By Lisa Huff
Just a few years ago, laser designers were struggling with stability of their 10G VCSELs. But now, at least one, VI Systems GmbH, claims it will have production-ready 40G VCSELs within the next few years. The German start-up has developed two products it believes will take VCSELs beyond 10G applications - a directly-modulated (DM) device and an electro-optic modulated (EOM) DBR VCSEL. Both are short-wavelength (850nm) lasers.
In a recent press release, VI Systems explains that it “developed the VCSEL products at a wavelength of 850 nm along with a range of extremely fast integrated circuits based on the SiGe BiCMOS (silicon-germanium bipolar junction transistors in complementary metal-oxide-semiconductor) technology. The company uses a patent pending micro-assembly platform for the integration of the opto-electrical components and for alignment to a standard high performance multi-mode glass-based fiber.” The start-up has been presenting data supporting its claims of highly stable devices for more than a year now. It gets there by changing the laser active region material and structure to InAs quantum dot (QD).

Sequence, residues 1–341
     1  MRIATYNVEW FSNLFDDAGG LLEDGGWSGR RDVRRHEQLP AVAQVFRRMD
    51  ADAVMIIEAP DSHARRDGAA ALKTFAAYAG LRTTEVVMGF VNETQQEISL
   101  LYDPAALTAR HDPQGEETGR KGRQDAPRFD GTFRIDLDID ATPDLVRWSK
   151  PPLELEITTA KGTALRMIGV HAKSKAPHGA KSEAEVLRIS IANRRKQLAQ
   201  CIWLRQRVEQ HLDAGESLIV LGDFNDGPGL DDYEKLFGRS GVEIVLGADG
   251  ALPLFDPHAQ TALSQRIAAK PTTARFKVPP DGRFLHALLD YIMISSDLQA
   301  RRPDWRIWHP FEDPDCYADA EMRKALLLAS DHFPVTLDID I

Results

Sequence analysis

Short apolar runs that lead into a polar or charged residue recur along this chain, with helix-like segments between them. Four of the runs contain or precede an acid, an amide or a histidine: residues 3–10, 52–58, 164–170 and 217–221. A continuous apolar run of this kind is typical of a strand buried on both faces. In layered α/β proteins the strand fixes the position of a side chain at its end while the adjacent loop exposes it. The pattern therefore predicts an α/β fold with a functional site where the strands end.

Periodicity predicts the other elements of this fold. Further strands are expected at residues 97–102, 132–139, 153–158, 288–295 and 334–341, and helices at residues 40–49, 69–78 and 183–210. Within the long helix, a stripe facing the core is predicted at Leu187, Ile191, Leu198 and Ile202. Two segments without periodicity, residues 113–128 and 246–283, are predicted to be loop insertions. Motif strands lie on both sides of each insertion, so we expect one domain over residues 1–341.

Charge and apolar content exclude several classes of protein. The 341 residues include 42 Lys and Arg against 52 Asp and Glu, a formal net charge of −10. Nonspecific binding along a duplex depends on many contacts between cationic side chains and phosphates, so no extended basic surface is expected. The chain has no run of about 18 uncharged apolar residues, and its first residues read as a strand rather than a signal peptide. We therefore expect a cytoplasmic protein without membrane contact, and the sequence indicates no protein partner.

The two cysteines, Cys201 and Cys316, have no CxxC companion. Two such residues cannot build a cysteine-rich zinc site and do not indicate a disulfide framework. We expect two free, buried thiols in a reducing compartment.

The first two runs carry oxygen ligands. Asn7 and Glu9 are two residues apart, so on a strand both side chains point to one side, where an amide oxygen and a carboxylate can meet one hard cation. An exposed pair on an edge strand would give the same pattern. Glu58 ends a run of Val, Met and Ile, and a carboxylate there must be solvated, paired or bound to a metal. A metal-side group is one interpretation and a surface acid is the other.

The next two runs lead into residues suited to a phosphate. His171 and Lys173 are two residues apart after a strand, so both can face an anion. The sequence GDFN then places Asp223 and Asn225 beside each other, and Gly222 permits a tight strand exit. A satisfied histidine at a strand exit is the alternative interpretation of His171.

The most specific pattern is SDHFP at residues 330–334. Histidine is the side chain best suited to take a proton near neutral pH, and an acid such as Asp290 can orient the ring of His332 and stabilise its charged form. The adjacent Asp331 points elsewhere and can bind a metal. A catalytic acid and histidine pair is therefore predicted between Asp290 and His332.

Not only is VI Systems working on innovative laser structures, it has also developed new electro-optic integration methods to further reduce the cost of these devices.
I’ve noted in previous posts how VCSELs are the key to low-cost optical networks in the data center. These new VCSELs and packaging methods would bring an even more cost-effective “serial” solution for 40/100G. They could also be used for very short-reach optical connections like for chip-to-chip, on-board or board-to-board. Perhaps these inventive products will rival Avago’s MicroPOD and Luxtera’s OptoPHY (also in previous posts). Based on the presentations that VI Systems has released, it sure appears that its management completely understand the needs of both the data center and optical interconnect markets so could very well give incumbents in the industry some competition.